author: kristian ferguson | news editor
What does a living wage mean for students?
A few issues ago, the Carillon wrote an article on living wages in Saskatchewan. In the interim since that article was posted, Andrew Stevens, a professor here at the University of Regina in the Faculty of Business, contacted us. Stevens wrote a report entitled “Working for a Living Around the Ivory Tower,” a report about what a living wage could do for students and employees of the University of Regina. The report was also helped put onto the page with the help of the university’s very own RPIRG [Regina Public Interest Research Group] and the CRU [Community Research Unit].
The report delves into the nature of work in Saskatchewan and, most importantly, work for a living wage. 687 university members completed an electronic survey in order to help provide a statistical basis for the report. Those university members include students and faculty alike.
Regina’s living wage, right at the beginning of the report, is established as $16.46 an hour or around $58,000 a year for a family of four. In Saskatchewan, the people that earn under this living wage is significant, almost a quarter of the population.
Students, in particular, are affected by the lack of a living wage. Almost 60 per cent of students are employed for about 20 hours a week and a quarter of working students are employed full time, your author falls under the latter category. While this is not an uncommon thing to see or hear about in today’s day and age, the most significant statistic in the report is that over 50 per cent of students feel that their employment has a negative effect on their education.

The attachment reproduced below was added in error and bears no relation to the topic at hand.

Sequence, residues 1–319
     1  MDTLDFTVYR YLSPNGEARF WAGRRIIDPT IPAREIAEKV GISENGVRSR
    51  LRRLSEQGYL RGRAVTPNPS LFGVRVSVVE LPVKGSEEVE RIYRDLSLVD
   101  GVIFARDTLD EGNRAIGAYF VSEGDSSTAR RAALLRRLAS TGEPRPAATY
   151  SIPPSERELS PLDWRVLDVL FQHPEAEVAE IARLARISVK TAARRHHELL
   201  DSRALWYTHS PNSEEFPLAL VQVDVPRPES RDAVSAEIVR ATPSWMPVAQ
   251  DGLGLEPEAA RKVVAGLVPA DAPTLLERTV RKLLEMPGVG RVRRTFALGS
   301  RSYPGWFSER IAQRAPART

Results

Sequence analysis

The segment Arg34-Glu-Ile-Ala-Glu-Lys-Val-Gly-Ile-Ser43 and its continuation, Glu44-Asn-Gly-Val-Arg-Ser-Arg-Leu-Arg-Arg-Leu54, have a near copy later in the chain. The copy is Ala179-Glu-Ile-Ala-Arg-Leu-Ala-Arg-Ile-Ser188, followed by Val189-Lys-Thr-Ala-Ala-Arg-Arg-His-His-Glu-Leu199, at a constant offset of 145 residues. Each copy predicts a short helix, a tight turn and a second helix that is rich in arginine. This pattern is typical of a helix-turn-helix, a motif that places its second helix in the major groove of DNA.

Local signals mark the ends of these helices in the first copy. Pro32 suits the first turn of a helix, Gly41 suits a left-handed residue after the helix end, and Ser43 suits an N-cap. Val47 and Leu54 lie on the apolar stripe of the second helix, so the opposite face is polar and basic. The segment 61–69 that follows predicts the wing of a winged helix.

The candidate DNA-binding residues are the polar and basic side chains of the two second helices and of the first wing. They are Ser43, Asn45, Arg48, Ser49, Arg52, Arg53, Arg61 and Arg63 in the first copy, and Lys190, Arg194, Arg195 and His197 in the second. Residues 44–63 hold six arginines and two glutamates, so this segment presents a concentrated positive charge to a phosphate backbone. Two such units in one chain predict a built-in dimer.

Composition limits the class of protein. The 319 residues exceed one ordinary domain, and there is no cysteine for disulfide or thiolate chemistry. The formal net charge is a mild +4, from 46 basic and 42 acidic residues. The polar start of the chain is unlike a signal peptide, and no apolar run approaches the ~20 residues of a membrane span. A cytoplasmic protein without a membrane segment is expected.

On top of all of that work, both a job and education, many students still find themselves in a position where they have to pay for their education via debt. Forty-five per cent of students were reported as saying that they had a student loan or some other form of repayable debt.
This comes in stark contrast to the days of our parents who were able to afford to go to school on nothing more than a summer job.
While the idea of a living wage seems out of reach, it is in fact, very attainable. The report states, “Dozens of universities in the United States and the UK have become living wage universities, including Ivy League institutions.”
To the detractors and opponents of a living wage, the report states, “To date, there is no empirical evidence to substantiate the argument that living wages lead to catastrophic economic consequences.”
In a time of high financial stress, especially amongst students, the argument of a living wage is ever more appealing. There is no sign of a change in pay on the near horizon, but that does not mean that it isn’t an option at all.